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Exclusive: In-Depth with Ryan Levin on Some Guy Who Kills People





It started with a tweet. I have no idea who put said tweet in my feed, but in that feed there was a trailer for a film that sounded so vague that admittedly my curiosity was piqued. The name? Some Guy Who Kills People.

Written by Ryan Levin, directed by Jack Perez and starring Kevin Corrigan, Some Guy Who Kills People tells the story of Ken Boyd, a lonely man fresh out of the loony bin who sets out to kill those he deems responsible for his miserable life.

Using the powers of Twitter, I reached out to writer Ryan Levin and this is what happened...

Crix: Where did the idea for SGWKP come about?

Ryan Levin: The idea came from a short film I made in 2007 called “The Fifth,” in which a group of buddies hang out, play poker and shoot the shit about their jobs. One of the guys, this totally unassuming and “Everyday Joe” guy, happens to be a serial killer, of which his friends are all fully aware. Once that short was done and making the festival rounds, I began to think about creating a feature with a likable serial killer protagonist.

Crix: When you were writing the role of Ken, did you have a specific vision (i.e., Kevin), or did you have a wish list of who you wanted to play him?

RL: Originally I based the character on the actor who played him in the short film, Sam Lloyd, who is one of the most under-appreciated comedic actors I know. But as the story began to develop, and Ken’s life and history began to form, his character became younger. And since I knew we were going to have to raise the money to make this film, I began to think of “name” actors who could play the role, and as the vision of Ken’s physicality and age and mentality changed, so did the way I wrote his character. I guess I kind of wrote it with a hybrid of “name” actors in mind.

Crix: As a writer, how difficult is it to find the balance between horror and comedy?

RL: I write comedy. Now, whether what I write is funny or not, that’s not for me to say. But I’m a comedy writer. However, I always lean towards the darker side of comedy, writing comedy about darker subjects. Neither comedy nor writing in general comes easily to me, but when I think about writing any other genre, it seems that much more difficult. And I have absolutely no interest in writing for certain genres, like drama or action/adventure. I’ll watch them, but I have no desire to write those types of films. Horror, however, is different. I would love to write a truly scary “shit-your-pants” horror film because I’ve always loved horror films and the emotions they stir up in me. But I’m not sure I can write a straight horror film that has audiences burying their heads in their lovers’ shoulders. So I tend to take horror elements, or dark subjects, and write them as comedies. Some Guy Who Kills People is not anything like Shaun of the Dead, but nobody would call Shaun of the Dead scary. They would call it a comedy about a horror film subject. That is what I wanted to do with Some Guy. However, finding that balance was the toughest part of the writing process because the script would always drift too far in one direction or the other, and I knew that if you’re going to blend genres, it needs to be a consistent and seamless blend (Fargo being the paradigm for me) where the audience can be scared in one scene and laughing in the next scene… but the film had to thread this genre-blend throughout. I didn’t want a funny Act One, a serious Act Two and some weird amalgam in Act Three. The blurring and balancing of genres was far and away my biggest challenge. I still needed it to feel like the same movie.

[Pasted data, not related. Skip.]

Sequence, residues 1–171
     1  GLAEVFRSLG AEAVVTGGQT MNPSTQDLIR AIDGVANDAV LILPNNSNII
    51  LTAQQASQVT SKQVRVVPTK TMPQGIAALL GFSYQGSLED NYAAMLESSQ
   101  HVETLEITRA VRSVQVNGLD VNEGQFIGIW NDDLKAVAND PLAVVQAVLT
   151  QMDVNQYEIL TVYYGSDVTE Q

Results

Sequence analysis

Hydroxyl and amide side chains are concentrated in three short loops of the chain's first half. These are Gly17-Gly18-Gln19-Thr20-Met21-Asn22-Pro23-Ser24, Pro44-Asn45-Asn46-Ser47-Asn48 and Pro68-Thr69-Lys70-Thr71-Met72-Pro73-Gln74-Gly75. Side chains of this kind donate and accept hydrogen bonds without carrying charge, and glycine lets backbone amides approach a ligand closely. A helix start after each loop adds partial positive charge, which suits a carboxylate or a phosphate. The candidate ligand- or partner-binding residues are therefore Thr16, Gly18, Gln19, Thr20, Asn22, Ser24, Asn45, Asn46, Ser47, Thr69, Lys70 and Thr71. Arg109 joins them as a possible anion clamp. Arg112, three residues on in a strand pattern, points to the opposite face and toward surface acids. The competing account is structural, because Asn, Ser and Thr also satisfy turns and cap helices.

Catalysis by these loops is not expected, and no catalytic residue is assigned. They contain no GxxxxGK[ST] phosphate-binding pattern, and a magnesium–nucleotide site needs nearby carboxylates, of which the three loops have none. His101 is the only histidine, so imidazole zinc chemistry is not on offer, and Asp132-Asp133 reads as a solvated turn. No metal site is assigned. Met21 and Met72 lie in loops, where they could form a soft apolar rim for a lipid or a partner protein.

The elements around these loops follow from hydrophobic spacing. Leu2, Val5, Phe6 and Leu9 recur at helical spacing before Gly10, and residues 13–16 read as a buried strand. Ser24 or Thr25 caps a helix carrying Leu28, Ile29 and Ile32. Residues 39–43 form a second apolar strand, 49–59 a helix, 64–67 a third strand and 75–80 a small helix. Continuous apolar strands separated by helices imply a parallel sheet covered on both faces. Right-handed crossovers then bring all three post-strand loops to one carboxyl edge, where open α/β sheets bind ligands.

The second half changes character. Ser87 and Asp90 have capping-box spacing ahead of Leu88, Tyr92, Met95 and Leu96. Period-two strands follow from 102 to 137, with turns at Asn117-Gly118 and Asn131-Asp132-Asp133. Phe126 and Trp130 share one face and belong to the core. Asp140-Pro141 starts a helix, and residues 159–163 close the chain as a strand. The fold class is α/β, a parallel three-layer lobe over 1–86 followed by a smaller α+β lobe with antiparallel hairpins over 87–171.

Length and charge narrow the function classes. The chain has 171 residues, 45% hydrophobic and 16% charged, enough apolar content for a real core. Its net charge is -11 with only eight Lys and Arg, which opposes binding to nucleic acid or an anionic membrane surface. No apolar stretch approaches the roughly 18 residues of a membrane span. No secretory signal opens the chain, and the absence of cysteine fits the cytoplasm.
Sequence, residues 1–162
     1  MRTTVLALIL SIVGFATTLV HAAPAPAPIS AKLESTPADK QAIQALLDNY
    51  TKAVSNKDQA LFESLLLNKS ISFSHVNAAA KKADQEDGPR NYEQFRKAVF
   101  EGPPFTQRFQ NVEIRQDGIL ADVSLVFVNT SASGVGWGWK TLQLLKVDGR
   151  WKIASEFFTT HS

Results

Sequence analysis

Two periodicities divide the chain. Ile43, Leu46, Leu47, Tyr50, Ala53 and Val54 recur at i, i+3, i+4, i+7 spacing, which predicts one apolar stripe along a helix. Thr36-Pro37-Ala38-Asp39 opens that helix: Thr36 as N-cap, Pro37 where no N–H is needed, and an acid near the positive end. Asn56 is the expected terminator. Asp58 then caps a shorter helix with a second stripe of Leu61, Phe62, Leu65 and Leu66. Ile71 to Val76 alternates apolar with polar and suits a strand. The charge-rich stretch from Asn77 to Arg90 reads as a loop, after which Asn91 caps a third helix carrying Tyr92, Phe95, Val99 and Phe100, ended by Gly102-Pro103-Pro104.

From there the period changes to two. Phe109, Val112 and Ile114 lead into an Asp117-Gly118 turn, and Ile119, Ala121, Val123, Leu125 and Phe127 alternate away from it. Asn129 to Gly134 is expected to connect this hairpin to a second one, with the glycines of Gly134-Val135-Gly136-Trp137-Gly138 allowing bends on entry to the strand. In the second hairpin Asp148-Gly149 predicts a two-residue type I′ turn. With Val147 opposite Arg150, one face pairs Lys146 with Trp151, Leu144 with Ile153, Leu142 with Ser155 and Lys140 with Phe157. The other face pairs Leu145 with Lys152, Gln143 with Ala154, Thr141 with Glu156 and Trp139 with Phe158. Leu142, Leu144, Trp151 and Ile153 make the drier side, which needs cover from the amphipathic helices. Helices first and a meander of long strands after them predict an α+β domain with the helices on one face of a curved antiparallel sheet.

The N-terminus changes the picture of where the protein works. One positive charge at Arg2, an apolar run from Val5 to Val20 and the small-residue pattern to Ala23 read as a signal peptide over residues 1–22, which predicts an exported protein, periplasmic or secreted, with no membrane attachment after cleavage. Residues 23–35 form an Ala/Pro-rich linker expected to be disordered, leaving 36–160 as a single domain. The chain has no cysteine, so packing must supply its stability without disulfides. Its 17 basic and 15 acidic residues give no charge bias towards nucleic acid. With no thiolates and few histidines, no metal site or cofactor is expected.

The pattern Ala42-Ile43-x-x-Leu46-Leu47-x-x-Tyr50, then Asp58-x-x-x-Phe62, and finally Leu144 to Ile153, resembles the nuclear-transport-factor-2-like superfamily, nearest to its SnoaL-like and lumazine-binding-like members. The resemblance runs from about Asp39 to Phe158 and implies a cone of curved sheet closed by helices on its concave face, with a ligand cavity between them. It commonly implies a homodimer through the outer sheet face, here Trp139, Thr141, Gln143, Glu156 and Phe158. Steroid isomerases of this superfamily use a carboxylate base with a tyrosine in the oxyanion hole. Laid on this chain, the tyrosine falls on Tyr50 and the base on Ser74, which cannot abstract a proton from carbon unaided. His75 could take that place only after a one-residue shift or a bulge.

Crix: When I saw the trailer, I went from "ha ha" to "holy fuck" in a matter of seconds... Have you gotten to see the film with a crowd yet? What's been the reaction?

RL: I’ve certainly been in many screenings of the film. One thing I’ve noticed pretty consistently is that the audience doesn’t initially know if it’s okay to laugh. They’re trying to figure out what the film is. Usually when you sit down for a movie, you know what type of film you’re seeing (and with studio films you usually know a lot more than just the genre – you know the whole damn story). But because of our title a lot of people come in expecting a particular type of film. Then, pretty quickly, as the genres blend, the audience is left to decipher what “type” of film this is. Usually the first laugh, wherever it falls, gives the rest of the audience permission to laugh. Then, in the more successful screenings, the audience will laugh at the jokes but be totally patient and interested when the jokes aren’t flying and the tone temporarily shifts before shifting back.